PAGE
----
Exploration of the Binding Behavior and Function of Saposin B

Date of Award

August 2018

Degree Type


Degree Name

Doctor of Philosophy (PhD)




Robert P. Doyle

Subject Categories

Physical Sciences and Mathematics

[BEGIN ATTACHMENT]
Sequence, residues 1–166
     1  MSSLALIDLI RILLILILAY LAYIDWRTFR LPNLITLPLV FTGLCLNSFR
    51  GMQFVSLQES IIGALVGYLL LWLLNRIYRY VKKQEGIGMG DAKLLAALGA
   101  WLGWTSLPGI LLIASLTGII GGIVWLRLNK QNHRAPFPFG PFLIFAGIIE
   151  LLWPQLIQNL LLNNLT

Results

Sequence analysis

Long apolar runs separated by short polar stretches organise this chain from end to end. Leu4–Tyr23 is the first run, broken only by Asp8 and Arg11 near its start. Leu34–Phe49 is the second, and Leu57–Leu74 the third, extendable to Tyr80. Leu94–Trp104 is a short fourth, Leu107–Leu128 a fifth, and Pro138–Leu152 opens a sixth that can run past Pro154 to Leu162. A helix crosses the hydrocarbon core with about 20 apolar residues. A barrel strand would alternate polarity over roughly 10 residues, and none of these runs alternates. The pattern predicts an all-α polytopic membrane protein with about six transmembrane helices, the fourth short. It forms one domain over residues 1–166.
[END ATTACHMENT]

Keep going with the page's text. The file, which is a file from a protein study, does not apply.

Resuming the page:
This thesis seeks to address the binding behavior and functionality of the lysosomal sphingolipid activator protein saposin B (sapB). SapB is critical for the degradation of O-sulfogalactosylceramide by arylsulfatase A and deficiency of sapB leads to a variant form of the fatal lysosomal storage disease Metachromatic leukodystrophy. Discussed in this thesis is the ability of sapB to bind a broader variety of ligands than has been previously shown. SapB is also shown to bind the bisretinoid A2E and prevent its enzymatic and photooxidation, with implications for the pathogenesis of Age-Related Macular Degeneration. Herein, it is also demonstrated that human patients taking the anti-malarial chloroquine have [sapB-chloroquine]complex in their urine, and the implications this has on the continued use of chloroquine treatment are discussed.


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